“Sid has his faults, but he’s not a bad man at heart. He’s got some connections with the law in town here, and he’s gone off to see what he can do to make sure you’re safe until we leave tomorrow. I want you to stay with me.”

“It’s kidnapping, Sister Eve,” I argued. “Can Sid get around that?”

Give him a chance?
Mose signed.

I shook his head. “Too risky. Emmy back with the Brickmans. You and Albert and me in jail. We need to leave.”

I looked to Albert, who’d always been the shoulder I leaned on, but he just closed his eyes.

“Get our stuff together,” I told Mose, using the commanding voice I’d heard from my brother so often. “We need to be off.”

Sister Eve looked terribly unhappy but gave no more objection. “Whisker, go to my hotel room and gather up the children’s clothing. Put it all in my suitcase and bring it back here.” After Whisker had gone, she said, “Mose, get whatever things you and Albert brought. I’ll ask Dimitri to put together some food for you to take when you leave. Hurry now.”

A couple of hours later, we were standing together in the big tent, ready to depart. Mose was supporting Albert, pretty much bearing all his weight. The first cars were arriving for the evening service, and Sister Eve and Whisker walked us out the back way. Behind the tents, we said goodbye. Whisker shook my hand, his long, reedy fingers warm and reluctant to let go. “Sure going to miss you, son. You keep playing that mouth organ, you hear me. You got the music in you.”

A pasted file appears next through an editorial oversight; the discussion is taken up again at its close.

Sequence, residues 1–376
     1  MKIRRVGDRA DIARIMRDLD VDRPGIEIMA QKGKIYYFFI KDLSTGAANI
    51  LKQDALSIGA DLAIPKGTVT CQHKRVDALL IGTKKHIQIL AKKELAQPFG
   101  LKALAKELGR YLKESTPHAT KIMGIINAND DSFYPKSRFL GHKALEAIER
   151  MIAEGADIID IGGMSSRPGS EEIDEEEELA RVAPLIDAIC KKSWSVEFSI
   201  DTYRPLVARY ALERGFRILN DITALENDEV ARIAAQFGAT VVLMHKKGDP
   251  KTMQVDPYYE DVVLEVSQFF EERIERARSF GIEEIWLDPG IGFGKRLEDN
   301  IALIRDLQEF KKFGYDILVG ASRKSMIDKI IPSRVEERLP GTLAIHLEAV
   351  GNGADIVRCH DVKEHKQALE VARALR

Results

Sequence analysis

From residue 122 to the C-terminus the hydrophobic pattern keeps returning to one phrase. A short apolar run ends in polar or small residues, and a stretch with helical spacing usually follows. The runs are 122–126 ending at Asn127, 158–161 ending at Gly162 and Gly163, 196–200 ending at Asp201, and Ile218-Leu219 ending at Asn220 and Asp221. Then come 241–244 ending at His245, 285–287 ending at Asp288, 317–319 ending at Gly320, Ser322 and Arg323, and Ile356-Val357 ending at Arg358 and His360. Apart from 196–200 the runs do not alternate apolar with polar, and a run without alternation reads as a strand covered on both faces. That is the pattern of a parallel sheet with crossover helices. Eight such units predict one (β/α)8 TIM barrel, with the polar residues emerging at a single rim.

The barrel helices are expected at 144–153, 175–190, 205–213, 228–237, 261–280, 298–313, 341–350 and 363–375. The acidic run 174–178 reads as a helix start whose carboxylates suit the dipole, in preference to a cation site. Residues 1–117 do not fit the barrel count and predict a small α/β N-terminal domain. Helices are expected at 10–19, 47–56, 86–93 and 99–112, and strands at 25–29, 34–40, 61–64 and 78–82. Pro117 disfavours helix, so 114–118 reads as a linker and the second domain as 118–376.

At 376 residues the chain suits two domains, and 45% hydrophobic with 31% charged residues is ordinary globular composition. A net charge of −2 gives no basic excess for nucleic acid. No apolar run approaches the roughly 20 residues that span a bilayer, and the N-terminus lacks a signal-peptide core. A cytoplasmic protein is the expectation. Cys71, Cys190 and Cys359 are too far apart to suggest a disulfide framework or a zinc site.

Sister Eve knelt before Emmy and said, “You have something amazing and beautiful in you. You’ll realize that someday. I would love to be there when you do.” To Mose, she said, “I’ve never known anyone stronger here.” She touched his chest over his heart, and then she hugged him. To Albert, she said, “You’ll recover, and when you do, I know you’ll guide them all well.” She kissed his cheek. Finally, she handed me a small paper bag and said, “I’ve put some cotton balls, antiseptic, gauze, and such in there. You have to keep your brother’s wounds clean. I’ve also put a few other useful items in.” Then she leaned to me and whispered into my ear, “This is important. It’s up to you to make sure that Emmy is safe. Promise me.” And I did. Then she said, “Remember this. It’s an old saying but a true one. Home is where your heart is.”

She kissed my cheek, too, and we were preparing to leave when I saw something that made all my hope sink. Among the cars arriving in the field was an all-too familiar silver Franklin Club Sedan, and right behind it came a Fremont County sheriff’s cruiser.

“The Black Witch,” I said, and my heart began to race.

“Go,” Sister Eve said. “I’ll take care of them.”

We hurried off, although Albert, in his weakened condition, kept
us from going as fast as I would have liked. We crossed the meadow and the railroad tracks and entered the trees on the bank above the river. Mose and Albert and Emmy made their way down to the water’s edge, then Mose headed toward the bulrushes where he and Albert had hidden our canoe. I stayed among the trees, watching as Clyde Brickman, that snake with legs, got out, went to the passenger’s side, and opened the door. The sight of Thelma Brickman, thin and dressed all in black so that she looked like a burned matchstick, was ice water on my soul. A heavyset, red-faced man emerged from the cruiser, and I recognized Sheriff Bob Warford, who’d terrorized so many runaways from Lincoln School. The Brickmans and Warford started toward the big tent, and Sister Eve came out to greet them.